Honestly, I resisted playing this game as long as I could.
I have a large extended family. I'm talking large here. I have seven siblings, roughly 50 cousins, and probably just as many second cousins, not to mention 9 nieces and nephews. Easily half of my siblings, and a third of my cousins, play Settlers of Catan. They started playing roughly five years ago, and they often invited us to come and learn to play, but we usually begged off. I'm sure part of it was because they all seemed so well versed in the game, and we were afraid of being badly outmatched. But we also heard the post-mortems, with one person being mad at another for being cut-off, or for playing a particularly nasty card against them.
We were finally roped into a game, a couple of years ago, under false pretenses (we were invited over for dinner, and afterwards, the Settlers boardgame appeared on the table) but have enjoyed the game ever since.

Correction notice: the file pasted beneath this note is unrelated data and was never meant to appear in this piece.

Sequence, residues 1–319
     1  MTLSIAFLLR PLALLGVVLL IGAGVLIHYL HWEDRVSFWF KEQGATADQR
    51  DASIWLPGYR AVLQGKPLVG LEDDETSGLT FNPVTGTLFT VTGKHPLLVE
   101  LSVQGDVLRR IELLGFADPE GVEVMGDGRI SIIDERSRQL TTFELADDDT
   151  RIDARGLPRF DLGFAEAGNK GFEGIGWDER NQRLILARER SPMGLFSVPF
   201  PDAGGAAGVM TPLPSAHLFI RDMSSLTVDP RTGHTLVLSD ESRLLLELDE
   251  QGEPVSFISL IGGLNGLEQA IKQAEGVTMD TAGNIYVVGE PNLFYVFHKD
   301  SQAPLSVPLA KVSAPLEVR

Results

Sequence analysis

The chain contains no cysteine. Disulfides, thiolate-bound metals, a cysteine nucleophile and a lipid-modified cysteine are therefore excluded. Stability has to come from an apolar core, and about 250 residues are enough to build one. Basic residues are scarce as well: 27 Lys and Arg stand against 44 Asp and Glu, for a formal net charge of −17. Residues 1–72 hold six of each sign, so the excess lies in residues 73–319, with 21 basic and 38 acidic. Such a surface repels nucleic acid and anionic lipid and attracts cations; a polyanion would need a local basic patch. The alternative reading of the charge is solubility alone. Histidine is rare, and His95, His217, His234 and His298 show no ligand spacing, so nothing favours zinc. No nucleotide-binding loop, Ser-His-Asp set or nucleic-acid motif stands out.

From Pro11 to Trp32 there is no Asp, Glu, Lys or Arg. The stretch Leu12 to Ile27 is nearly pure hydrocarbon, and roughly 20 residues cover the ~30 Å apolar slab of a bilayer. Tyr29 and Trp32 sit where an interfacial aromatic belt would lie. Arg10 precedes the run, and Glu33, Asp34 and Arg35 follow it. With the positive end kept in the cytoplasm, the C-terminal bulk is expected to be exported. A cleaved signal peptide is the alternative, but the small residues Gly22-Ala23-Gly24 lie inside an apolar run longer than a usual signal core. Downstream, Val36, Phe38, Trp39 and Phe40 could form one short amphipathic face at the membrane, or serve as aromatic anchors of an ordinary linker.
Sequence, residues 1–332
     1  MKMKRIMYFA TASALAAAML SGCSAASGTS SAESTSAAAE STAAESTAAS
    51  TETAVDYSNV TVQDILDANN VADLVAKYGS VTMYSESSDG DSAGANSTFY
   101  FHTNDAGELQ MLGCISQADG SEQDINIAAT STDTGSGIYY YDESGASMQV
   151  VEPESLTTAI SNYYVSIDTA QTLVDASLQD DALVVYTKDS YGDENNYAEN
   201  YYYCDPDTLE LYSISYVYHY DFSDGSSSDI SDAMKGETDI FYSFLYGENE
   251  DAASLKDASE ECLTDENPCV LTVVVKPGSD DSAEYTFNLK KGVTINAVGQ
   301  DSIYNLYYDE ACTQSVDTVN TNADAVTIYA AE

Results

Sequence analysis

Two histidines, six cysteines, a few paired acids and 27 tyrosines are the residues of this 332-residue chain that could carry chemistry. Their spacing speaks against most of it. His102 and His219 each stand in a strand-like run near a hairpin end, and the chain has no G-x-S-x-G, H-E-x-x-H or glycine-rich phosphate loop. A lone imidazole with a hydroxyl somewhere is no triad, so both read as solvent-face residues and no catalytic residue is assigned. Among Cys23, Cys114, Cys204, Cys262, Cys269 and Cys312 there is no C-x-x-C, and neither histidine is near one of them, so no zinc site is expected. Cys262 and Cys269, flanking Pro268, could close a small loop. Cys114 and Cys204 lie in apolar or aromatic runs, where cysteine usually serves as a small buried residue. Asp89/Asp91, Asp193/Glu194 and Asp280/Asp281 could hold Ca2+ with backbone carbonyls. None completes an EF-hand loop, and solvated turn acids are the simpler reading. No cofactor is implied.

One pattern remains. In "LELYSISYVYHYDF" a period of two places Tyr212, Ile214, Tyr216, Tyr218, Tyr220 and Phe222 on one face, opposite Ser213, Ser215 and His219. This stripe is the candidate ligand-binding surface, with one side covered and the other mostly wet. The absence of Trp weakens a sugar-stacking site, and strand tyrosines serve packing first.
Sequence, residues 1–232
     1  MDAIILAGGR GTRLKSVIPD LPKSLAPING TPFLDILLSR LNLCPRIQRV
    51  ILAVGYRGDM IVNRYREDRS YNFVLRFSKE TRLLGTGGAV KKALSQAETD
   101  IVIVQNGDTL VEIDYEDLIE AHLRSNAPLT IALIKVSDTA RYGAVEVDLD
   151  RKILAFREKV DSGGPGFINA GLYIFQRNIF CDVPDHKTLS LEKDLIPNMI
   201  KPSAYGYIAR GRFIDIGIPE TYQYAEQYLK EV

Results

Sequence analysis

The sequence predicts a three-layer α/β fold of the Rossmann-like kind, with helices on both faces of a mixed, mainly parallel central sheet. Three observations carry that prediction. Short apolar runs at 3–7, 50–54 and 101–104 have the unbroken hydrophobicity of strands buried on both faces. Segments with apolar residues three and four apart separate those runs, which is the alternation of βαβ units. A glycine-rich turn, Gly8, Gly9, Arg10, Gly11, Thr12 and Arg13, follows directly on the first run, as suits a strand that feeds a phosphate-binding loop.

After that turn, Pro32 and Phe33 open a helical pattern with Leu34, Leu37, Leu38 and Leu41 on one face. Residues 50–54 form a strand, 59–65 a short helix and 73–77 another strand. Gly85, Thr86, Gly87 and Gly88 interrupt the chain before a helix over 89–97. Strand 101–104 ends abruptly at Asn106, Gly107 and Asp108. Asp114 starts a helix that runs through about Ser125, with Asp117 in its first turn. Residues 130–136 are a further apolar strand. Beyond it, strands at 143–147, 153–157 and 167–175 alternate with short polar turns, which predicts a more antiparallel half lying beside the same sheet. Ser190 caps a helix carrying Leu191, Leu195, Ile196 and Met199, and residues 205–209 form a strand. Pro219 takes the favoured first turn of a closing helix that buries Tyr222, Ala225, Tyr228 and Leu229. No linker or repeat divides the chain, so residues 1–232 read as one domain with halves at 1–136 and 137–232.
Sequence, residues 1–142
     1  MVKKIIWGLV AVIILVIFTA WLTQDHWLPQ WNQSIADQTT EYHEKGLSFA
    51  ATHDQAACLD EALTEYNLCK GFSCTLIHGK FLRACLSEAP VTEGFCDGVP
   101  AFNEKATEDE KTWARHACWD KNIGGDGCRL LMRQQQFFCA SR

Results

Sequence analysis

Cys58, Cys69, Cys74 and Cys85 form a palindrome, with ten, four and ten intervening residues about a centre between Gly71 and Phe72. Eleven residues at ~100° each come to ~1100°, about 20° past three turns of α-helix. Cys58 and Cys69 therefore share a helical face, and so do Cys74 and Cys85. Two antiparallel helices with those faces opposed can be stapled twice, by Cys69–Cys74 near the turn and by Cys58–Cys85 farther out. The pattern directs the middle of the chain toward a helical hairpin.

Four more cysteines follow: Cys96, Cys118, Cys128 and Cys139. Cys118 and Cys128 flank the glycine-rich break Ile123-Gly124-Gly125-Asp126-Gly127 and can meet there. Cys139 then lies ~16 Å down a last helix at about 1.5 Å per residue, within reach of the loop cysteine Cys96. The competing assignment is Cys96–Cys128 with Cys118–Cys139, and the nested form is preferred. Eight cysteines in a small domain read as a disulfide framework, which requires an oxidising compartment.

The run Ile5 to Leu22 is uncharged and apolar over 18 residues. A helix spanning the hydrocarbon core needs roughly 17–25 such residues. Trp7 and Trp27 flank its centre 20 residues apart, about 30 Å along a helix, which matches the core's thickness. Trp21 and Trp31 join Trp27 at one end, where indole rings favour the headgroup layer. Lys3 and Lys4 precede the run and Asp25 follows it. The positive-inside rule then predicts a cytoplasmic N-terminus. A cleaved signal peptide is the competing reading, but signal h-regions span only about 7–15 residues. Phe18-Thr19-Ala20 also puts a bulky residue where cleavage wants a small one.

I mention this game, not to review it (there are lots of good Settlers sites on the web) but to discuss the applicability of its rules and mechanics to the OD&D endgame.
I mentioned levels of abstraction earlier. One of my frustrations with the D&D endgame is the lack of structure around stronghold and empire-building. Once you have "plunked" down your stronghold, it is assumed that you will derive a certain amount of resources from the hexes you control, regardless of the productivity, resources available, or populace. There is also little in the way of rules to govern upkeep of your empire, from building and maintaining roads, providing improvements and benefits to your subjects, maintaining your army, interacting with other empires, and so on. Some of these can happen at the micro level, I suppose. But part of the attraction of the endgame was to control kingdoms, direct armies, and oversee the macro operations.
One of the interesting things about Settlers of Catan is that it both recognizes that different kinds of resources come from different kinds of terrain, but also recognizes that some areas are more productive than others. It would be interesting to add those sorts of considerations to the OD&D endgame.